This example demonstrates a foreign intelligence service searching for students who may soon have access to targeted information. Intelligence services also collect information on the programs, officers, professors, and demographics of US universities. After studying the information and, if they find a person to target, they will study his/her motivations, weaknesses, politics, and ambitions. Familiarizing themselves with a professor’s work will help them determine a pretext for contacting the professor and how best to influence or recruit the professor.11

    They may spend years targeting an individual, and develop a relationship whereby the student or professor provides information, either wittingly or unwittingly, to the foreign country. For example, the foreign intelligence service may capitalize on existing political or social biases whereby they can coax a professor to share information based on a real or perceived cause (e.g. Myers). They may appeal to the ethnic nationality of a student and ask him/her to help their ancestral homeland. They may invite a professor to visit their country (e.g. Roth), sometimes at no expense to the professor. While the professor is in country, the government may gain access to the professor’s digital storage devices (laptop, PDA, cell phone) and obtain sensitive research and personal information. The foreign intelligence service may use information to coerce or entice the professor to provide data in the future. Likewise, American students on study abroad may be evaluated as potential recruits by the host country’s intelligence service. Foreign agents often target students or professors from their own country first, anticipating they will agree out of a sense of patriotism or nationalism. However, they will also target anyone who appears to have the potential to be a good recruit.

    Send Spies for Language and Cultural Training and to Establish Credentials
    As discussed above with Bezrukov and Guryeva, some foreign students are not here in order to obtain a traditional university education. They attend college in the United States to increase their understanding of the language and culture, make contacts, gain an education in a particular field, and send information back to their home country. In some cases, they may lay low and do nothing criminal for several years.

    Li Fengzhi was a Chinese intelligence agent for thirteen years before the Chinese Ministry of State Security sent him to the United States, in 2003, to pursue a doctoral degree in international politics and diplomatic philosophy at the University of Denver. Shortly after his arrival, Li requested and was granted political asylum in the United States.12 While he has not disclosed why the Chinese sent him to come to the United States as a graduate student, it is plausible the Chinese thought a student cover would make him more innocuous and able to collect information and make personal connections, or provide him with exposure and experience.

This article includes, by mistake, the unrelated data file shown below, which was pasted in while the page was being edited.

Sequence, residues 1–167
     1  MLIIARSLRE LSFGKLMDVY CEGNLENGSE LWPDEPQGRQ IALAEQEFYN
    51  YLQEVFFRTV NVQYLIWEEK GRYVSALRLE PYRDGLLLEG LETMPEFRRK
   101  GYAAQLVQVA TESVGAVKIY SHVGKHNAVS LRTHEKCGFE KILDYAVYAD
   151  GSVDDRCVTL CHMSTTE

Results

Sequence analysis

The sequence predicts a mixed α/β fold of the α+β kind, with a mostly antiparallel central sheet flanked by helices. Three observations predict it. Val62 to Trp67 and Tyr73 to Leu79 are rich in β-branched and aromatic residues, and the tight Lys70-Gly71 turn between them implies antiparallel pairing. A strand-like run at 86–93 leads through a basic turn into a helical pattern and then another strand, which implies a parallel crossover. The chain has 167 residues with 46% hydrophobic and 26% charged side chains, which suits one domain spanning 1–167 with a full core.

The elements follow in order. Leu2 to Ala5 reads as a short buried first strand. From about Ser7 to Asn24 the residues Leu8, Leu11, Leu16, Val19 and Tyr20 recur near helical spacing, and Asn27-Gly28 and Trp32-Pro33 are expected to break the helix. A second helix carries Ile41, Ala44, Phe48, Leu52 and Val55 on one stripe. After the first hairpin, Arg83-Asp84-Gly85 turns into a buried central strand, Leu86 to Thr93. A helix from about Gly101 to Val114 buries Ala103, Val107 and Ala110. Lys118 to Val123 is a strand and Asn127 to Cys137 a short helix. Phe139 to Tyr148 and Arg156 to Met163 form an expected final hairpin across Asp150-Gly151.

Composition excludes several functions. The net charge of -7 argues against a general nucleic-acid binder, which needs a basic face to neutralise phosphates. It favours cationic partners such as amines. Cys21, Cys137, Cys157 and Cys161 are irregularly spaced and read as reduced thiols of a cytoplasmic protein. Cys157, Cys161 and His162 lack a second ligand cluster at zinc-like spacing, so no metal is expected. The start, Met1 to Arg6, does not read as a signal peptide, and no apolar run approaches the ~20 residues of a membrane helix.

Send Unsolicited Email or Invitations
    A foreign intelligence agent, business competitor, or other duplicitous actors may pose as a researcher and send an unsolicited email to a US researcher in the hopes of establishing contact or getting answers to a question. They may send unsolicited invitations to submit papers or attend conferences. They may use flattery or seek information that can be further used to target the researcher or someone with better access. Sometimes the unsolicited email is a request to review someone else’s research or technology paper. In this case, the duplicitous actor is hoping the targeted professor will correct mistakes he/she sees in the provided paper and, in that way, obtain valuable insights and restricted information.  Unlike computer intrusions, unsolicited email may not have attached malware but is an attempt to start a correspondence. It is a quick and cheap way to test whether a targeted person will respond and, if so, what subject will cause them to respond. If information can be obtained via simple email exchange, it will save time, effort, and money.

    A possible scenario: A researcher at a US university receives an email asking to collaborate. He does not recognize the sender, but would like to collaborate and decides to respond. The sender asks for data on how to conduct a particular experiment, and the US researcher responds hoping to get the results of the experiment. The sender of the email provides a draft paper and asks for input; the US professor notes errors in the paper and corrects them. In the meantime, the sender asks for more data or research clarifications. Several months later, the US researcher realizes that for all the “collaboration” the two have been doing, he has no idea of the true identity or location of the sender, has received no information of value in return, and it now appears the sender was essentially milking the US researcher for unpublished and sensitive information.

    Another possible scenario: A researcher receives an unsolicited invitation to submit a paper for an international conference. She submits a paper and it is accepted.  At the conference, the hosts ask for a copy of her presentation. The hosts hook a thumb drive to her laptop, and unbeknownst to her, download every file and data source from her computer.

    Fund or Establish Programs at a University
    In 2005 Belgium’s intelligence agency, Sûreté de l’Etat, announced the defection of a Chinese spy who had been coordinating industrial espionage agents throughout Europe for ten years. During that time, the defector worked at European universities and was a member of the Chinese Students and Scholars’ Association of Leuven. “According to an intelligence official, the association enabled Beijing’s Ministry of State Security to maintain contact with a wide spectrum of Chinese citizens living across the continent.”13

    The defector gave the Sûreté de l’Etat the names and activities of hundreds of people who were supplying information to China from a variety of business organizations.